Given such dramatic societal costs of potential failure of pension systems, what guarding mechanisms exist to prevent collapse of pensions due to poor investment choices?

Shockingly, current incentives regarding costs and benefits encourage excessive risk taking with public money, privately accruing gains and socializing all losses. Fund managers are compensated lavishly for short-term gains, while bearing no responsibility for sour bets, with taxpayers — and public employees — remaining on the hook if any of these bets fail to pay off. The only real winners are investment managers and their staffs.

Under a similar context of perverse incentives, traders lost billions on Wall Street shocking markets. We now are doing it all over again with public funds. Compensation structures at pension funds, as well as aggressive target return rates encouraging funds to take excessive risk, deserve continued public scrutiny and oversight, since “we the people” will have to foot the bill when — not if — these “alternative investments” go wrong.

[1] “Pensions Bet Big With Private Equity.” Wall Street Journal, January 24, 2013.

[2] “Funds Boost Private Equity Investing By 38%.” Pensions & Investing, February 7, 2011.

[3] “Defined Benefits Plans: Recent Developments Highlight Challenges of Hedge Fund and Private Equity Investing.” GAO, February 2012.

[4] “Investment Return Assumptions for Public Funds: The Historical Record.” Callan Investments Institute Research. June 2010.

[5] “U.S. Publics: Seeking Less Correlation and Better Execution.” Pyramis Global Advisors, 2012.

[6] Jorion, Philippe. Big Bets Gone Bad: Derivatives and Bankruptcy in Orange County. Academic Press: 1995
The article above raises some key issues, like how the aggressive target return of 8 to 8.5 percent in a low-yielding world promotes excessive risk-taking. Frances Denmark of Institutional Investor wrote an excellent long article, Debate Heats Up Over Public Pension Fund Discount Rates, exposing  key differences between US and European pension plans in the way they value future liabilities.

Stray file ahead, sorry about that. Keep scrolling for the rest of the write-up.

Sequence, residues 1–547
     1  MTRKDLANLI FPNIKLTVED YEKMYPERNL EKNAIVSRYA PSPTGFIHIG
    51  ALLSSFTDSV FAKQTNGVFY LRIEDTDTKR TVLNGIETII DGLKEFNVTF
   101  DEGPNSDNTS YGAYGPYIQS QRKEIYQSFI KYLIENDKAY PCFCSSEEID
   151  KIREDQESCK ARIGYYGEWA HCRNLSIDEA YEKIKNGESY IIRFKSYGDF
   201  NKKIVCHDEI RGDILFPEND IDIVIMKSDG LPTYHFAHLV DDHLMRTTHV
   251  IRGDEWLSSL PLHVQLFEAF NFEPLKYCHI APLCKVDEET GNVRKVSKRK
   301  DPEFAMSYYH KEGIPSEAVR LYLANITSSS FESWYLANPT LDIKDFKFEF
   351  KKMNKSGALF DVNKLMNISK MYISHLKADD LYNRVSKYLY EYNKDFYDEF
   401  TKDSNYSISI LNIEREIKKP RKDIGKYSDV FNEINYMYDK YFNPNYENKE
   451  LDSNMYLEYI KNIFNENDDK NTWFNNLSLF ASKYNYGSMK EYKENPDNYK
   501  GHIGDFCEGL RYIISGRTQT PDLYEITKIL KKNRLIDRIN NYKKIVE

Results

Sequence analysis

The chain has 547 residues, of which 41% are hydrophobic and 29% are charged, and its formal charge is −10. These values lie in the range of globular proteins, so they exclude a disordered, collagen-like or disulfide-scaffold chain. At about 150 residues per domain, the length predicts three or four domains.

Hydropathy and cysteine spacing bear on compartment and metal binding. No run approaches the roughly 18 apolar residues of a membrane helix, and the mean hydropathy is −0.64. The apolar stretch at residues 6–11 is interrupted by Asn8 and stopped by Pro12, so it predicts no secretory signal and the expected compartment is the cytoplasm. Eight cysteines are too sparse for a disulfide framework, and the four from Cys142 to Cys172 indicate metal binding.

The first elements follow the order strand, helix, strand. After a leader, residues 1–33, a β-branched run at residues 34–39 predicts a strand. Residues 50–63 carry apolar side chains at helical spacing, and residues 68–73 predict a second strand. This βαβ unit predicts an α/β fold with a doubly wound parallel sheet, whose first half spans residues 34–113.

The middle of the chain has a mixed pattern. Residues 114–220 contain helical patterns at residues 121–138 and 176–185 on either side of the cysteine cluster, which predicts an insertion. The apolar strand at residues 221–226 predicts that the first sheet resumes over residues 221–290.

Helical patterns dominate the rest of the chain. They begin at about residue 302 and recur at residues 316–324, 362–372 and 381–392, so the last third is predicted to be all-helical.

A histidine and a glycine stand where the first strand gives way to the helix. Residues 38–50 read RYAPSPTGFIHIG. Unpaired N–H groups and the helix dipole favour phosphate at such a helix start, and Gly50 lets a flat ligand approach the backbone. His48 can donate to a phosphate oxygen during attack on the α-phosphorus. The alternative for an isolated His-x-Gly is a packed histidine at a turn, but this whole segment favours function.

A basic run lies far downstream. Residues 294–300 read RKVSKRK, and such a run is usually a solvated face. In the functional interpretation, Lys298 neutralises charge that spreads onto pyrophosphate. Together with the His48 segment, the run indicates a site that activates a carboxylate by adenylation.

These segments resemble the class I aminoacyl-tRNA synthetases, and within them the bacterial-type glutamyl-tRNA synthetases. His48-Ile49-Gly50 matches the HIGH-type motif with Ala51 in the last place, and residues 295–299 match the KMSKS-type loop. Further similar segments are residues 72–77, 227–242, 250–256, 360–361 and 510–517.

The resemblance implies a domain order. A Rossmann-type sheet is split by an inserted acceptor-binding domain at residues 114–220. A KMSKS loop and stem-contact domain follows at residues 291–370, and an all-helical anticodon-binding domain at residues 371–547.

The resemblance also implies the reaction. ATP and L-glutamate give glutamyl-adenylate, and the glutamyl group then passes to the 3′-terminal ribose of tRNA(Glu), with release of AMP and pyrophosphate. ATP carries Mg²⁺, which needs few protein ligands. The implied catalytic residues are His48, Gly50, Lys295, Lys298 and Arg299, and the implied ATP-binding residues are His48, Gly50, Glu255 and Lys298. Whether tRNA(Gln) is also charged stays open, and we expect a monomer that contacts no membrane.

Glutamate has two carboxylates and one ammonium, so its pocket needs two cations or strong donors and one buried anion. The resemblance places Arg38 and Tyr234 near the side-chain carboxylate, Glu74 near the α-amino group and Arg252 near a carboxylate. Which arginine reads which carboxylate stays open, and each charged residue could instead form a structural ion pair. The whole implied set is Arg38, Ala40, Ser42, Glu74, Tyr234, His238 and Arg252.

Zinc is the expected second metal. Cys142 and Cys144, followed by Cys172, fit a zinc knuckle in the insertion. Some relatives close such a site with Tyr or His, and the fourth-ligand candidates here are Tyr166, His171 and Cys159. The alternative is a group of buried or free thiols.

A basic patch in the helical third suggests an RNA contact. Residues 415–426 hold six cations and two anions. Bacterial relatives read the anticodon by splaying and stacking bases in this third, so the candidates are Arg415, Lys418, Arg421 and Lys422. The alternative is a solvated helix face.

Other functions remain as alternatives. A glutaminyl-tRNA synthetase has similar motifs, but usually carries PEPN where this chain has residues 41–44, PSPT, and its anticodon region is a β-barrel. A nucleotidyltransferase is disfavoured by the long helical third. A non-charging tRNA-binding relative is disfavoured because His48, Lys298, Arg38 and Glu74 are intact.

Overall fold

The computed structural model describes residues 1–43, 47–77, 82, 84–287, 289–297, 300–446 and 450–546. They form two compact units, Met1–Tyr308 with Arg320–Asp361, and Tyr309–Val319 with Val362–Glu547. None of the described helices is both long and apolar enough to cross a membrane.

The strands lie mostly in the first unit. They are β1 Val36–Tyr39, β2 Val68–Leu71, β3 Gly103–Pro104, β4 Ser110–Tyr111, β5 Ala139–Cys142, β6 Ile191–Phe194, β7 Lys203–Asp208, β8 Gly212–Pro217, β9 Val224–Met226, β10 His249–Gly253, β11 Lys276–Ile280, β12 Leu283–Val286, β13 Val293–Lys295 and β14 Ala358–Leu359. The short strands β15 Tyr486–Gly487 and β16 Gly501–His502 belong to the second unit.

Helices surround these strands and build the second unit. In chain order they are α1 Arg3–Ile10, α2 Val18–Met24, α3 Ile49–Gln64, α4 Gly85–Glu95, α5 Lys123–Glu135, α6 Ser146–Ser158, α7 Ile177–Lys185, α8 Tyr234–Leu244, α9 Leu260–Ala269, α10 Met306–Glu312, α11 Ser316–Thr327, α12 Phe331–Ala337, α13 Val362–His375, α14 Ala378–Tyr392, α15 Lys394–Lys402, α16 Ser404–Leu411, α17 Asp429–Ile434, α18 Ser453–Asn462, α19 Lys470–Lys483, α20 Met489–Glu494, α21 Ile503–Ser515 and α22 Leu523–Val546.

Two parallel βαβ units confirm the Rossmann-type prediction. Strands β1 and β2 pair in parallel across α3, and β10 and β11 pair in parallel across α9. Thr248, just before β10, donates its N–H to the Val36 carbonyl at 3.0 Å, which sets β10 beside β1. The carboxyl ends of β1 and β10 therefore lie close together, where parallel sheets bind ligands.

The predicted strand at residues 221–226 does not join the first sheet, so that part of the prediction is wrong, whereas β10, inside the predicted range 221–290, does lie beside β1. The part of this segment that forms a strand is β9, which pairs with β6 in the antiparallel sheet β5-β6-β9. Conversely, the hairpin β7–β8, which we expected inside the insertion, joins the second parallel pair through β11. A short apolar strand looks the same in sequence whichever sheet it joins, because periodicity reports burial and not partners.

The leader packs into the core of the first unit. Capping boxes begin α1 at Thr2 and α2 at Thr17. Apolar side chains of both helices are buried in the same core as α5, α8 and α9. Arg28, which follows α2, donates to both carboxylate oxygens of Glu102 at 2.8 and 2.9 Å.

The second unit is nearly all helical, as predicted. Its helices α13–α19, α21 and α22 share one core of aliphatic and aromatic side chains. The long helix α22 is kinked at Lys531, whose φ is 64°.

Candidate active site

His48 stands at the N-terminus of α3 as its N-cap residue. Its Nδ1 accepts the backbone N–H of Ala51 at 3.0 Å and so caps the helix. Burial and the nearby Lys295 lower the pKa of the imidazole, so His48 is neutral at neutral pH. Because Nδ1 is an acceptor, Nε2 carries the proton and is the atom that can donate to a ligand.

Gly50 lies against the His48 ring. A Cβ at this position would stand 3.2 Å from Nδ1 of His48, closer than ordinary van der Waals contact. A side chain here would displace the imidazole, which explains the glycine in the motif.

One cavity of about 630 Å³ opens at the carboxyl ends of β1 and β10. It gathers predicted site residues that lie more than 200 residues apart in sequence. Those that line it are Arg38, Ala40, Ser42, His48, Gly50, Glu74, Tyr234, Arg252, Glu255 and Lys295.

But my big beef  with the article is it paints illiquid assets with an extremely negative brush. Keep in mind, excessive risk-taking can occur anywhere, including in public market investments like in currencies, high-yield bonds and hedge fund investments focusing on structured credit. I've seen plenty of public pension fund managers take inordinately stupid risks across public and private markets, and internal and external absolute return strategies (hedge funds).

I've already commented on pensions betting big with private equity and followed up with an in-depth discussion on why the Caisse is focusing on less liquid assets and whether pensions are taking on too much illiquidity risk.

One of the best comments on the risks of illiquid asset classes I received came from Jim Keohane, President and CEO of the Healthcare of Ontario Pension Plan (HOOPP). Jim notes the following:
I find this whole discussion quite interesting. Private assets are just as volatile as public assets. When private assets are sold the main valuation methodology for determining the appropriate price is public market comparables, so you would be kidding yourself if you thought that private market valuations are materially different than their public market comparables. Just because you don’t mark private assets to market every day doesn’t make them less volatile, it just gives you the illusion of lack of volatility.

Another important element which seems to get missed in these discussions is the value of liquidity. At different points in time having liquidity in your portfolio can be extremely valuable. One only needs to look back to 2008 to see the benefits of having liquidity. If you had the liquidity to position yourself on the buy side of some of the distressed selling which happened in 2008 and early 2009, you were able to pick up some unbelievable bargains.